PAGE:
Harness the Combinatoric Power of Command-Line Tools and Utilities


Convert FLAC to MP3

Bash macOS tools Homebrew scripts

Published December 27, 2022

If you’ve downloaded an album from your favorite artist in a lossless format like FLAC but need to produce MP3 files so you can use them in a portable player or upload them to a music service, you can use a little Bash scripting and some CLI tools to convert the files quickly.

In this tutorial you’ll use the flac and lame command-line tools to transcode the files. You’ll write a Bash script to capture the metadata from the FLAC file and add it to the MP3 you create.

What You Need

To complete this tutorial on macOS, you’ll need Homebrew installed, which you can do by following the Install Homebrew tutorial.

Install the tools

You’ll need both the flac and lame command-line tools.

On macOS, you can use Homebrew to install flac with the following command:

brew install flac

To install lame, execute this command:

brew install lame

On Ubuntu, you’ll use the apt package manager to install both. First update your list of sources:

sudo apt update

Then install both flac and lame:

sudo apt install -y lame  flac

With both tools installed, you can write a script to decode the FLAC file and convert it to an MP3.

Create the Script

Create the file ~/bin/flac2mp3 and add the following contents to the file which read through a list of files, extract any metadata from the files, and convert the file to an MP3:

#!/usr/bin/env bash

for f in "$@"
    [[ "$f" != *.flac ]] && continue
    album="$(metaflac --show-tag=album "$f" | sed 's/[^=]*=//')"
    artist="$(metaflac --show-tag=artist "$f" | sed 's/[^=]*=//')"
    date="$(metaflac --show-tag=date "$f" | sed 's/[^=]*=//')"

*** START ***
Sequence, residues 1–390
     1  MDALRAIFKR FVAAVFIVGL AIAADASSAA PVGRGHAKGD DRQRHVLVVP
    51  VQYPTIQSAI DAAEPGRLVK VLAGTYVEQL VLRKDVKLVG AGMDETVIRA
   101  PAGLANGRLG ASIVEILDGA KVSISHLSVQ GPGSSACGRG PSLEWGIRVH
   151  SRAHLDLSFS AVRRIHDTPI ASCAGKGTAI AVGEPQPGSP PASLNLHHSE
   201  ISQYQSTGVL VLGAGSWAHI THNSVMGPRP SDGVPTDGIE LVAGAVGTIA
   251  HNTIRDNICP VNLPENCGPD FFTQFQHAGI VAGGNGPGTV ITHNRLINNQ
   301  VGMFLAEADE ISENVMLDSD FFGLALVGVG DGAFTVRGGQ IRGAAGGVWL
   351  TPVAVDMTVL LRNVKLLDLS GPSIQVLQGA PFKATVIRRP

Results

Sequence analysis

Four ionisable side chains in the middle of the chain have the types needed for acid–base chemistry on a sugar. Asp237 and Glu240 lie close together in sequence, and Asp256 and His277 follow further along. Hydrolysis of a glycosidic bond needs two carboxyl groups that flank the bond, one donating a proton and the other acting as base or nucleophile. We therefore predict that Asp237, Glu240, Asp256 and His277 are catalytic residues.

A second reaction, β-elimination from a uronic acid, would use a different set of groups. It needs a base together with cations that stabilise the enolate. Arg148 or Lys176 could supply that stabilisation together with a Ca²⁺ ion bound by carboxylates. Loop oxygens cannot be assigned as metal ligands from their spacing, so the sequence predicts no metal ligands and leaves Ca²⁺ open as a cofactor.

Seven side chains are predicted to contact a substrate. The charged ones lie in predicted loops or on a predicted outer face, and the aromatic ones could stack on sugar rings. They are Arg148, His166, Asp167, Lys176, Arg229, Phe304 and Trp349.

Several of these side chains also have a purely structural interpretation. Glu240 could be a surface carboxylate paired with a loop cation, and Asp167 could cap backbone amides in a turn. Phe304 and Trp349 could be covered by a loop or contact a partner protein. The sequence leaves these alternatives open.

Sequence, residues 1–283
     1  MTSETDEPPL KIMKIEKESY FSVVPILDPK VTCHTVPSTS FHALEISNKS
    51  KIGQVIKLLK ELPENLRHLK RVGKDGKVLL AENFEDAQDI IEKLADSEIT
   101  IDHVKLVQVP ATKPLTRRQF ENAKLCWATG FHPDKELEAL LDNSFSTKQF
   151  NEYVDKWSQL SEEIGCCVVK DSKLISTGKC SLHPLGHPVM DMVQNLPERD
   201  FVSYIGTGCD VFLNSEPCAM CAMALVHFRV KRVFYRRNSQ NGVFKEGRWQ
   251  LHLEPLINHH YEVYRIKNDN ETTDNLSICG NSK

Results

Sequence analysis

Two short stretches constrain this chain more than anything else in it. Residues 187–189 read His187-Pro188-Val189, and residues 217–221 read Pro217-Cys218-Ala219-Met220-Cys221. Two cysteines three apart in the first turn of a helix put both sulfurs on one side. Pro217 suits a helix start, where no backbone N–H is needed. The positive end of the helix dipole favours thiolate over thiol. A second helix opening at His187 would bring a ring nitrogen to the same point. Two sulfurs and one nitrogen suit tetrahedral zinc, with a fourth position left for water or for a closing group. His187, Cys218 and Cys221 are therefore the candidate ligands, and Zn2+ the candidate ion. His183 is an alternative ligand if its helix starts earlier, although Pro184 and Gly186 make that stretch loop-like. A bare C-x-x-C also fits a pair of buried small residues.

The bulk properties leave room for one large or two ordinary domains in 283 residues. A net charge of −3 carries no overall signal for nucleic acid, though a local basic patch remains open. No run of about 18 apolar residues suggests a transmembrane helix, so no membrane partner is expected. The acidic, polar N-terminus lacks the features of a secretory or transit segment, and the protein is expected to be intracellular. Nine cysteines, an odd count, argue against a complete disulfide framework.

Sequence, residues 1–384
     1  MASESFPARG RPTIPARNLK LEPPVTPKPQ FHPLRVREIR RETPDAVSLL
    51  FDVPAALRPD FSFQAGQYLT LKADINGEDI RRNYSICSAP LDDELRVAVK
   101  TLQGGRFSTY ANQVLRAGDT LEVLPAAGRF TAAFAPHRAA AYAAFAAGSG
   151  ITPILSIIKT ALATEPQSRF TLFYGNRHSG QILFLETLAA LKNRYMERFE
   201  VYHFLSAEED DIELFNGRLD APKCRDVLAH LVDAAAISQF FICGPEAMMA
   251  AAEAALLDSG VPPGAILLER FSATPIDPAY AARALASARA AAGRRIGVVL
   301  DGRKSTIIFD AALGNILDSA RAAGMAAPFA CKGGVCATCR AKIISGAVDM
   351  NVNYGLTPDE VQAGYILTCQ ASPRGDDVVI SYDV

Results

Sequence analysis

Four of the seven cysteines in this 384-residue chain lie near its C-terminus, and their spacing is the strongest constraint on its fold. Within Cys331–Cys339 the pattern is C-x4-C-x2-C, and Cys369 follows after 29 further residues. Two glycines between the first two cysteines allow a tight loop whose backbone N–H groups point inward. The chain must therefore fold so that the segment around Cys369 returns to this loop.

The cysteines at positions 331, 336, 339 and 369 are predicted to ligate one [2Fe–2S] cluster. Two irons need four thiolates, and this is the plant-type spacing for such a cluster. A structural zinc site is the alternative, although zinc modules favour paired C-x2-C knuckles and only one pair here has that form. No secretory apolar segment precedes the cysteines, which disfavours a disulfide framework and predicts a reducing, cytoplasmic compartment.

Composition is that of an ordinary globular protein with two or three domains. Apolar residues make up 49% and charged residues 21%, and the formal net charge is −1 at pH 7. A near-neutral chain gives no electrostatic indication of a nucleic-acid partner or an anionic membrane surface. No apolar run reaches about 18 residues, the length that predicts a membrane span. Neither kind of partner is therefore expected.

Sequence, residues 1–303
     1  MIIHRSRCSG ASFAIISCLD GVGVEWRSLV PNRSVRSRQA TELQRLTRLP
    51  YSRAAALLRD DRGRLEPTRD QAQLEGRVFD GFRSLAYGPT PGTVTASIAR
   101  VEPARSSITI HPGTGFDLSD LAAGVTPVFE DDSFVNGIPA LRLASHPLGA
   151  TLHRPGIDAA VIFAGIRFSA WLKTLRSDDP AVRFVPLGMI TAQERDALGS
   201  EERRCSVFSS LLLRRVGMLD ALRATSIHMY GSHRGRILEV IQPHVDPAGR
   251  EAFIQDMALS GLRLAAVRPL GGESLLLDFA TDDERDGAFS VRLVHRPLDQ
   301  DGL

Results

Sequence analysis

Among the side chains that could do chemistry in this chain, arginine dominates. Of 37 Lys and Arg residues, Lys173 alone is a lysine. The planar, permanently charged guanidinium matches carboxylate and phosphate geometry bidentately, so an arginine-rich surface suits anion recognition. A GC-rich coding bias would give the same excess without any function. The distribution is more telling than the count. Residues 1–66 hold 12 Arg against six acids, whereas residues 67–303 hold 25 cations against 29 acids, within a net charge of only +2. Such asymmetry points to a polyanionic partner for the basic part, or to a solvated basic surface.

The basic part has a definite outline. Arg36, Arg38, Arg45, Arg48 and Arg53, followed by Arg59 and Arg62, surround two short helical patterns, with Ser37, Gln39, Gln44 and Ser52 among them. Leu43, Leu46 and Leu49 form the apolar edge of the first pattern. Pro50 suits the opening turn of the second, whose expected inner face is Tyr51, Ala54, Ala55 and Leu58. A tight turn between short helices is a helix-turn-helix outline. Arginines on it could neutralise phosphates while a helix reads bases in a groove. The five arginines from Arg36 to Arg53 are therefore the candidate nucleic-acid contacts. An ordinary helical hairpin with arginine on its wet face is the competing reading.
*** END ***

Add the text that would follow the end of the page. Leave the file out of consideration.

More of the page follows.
title="$(metaflac --show-tag=title "$f" | sed 's/[^=]*=//')"
    year="$(metaflac --show-tag=date "$f" | sed 's/[^=]*=//')"
    genre="$(metaflac --show-tag=genre "$f" | sed 's/[^=]*=//')"
    tracknumber="$(metaflac --show-tag=tracknumber "$f" | sed 's/[^=]*=//')"
    flac --decode --stdout "$f" | lame --preset extreme --add-id3v2 --tt "$title" --ta "$artist" --tl "$album" --ty "$year" --tn "$tracknumber" --tg "$genre" - "${f%.flac}.mp3"

The script loops over all of the arguments passed in, which should be a list of files. It then extracts the metadata like the title, artist, and track number from existing information in the FLAC file. It then decodes the file and sends the output to lame, using the extracted metadata as inputs. The new file will be saved with the same name, but with the .mp3 extension.

Save the file.

Now make the script executable so you can run it without specifying the interpreter:

chmod +x ~/bin/flac2mp3

You can now try the script out.

Convert the Files

Run the script on a Flac file by passing the file to the script you created:

~/bin/flac2mp3 myfile.flac

This produces an MP3 file with the metadata preserved:

flac 1.3.4
Copyright (C) 2000-2009  Josh Coalson, 2011-2016  Xiph.Org Foundation
flac comes with ABSOLUTELY NO WARRANTY.  This is free software, and you are
welcome to redistribute it under certain conditions.  Type `flac' for details.

myfile.flac: done
LAME 3.100 64bits (http://lame.sf.net)
polyphase lowpass filter disabled
Encoding <stdin> to myfile.mp3
Encoding as 44.1 kHz j-stereo MPEG-1 Layer III VBR(q=0)

The script supports multiple files too, so you can pass them by separating each file with a space:

~/bin/flac2mp3 myfile.flac my_other_file.flac

If you have a whole directory of files to convert, this can be cumbersome. Instead of passing every file in manually, use the find command with its -exec argument to build up the file list:

find . -name "*.flac" -exec bash ~/bin/flac2mp3 {} +

This searches for all the flac files in the current directory and uses the -exec option to run the script. The {} symbols are the placeholder for the filename to use, and the + sign combines the arguments into a single argument rather than running the script once per file. Remember, the script accepts multiple files.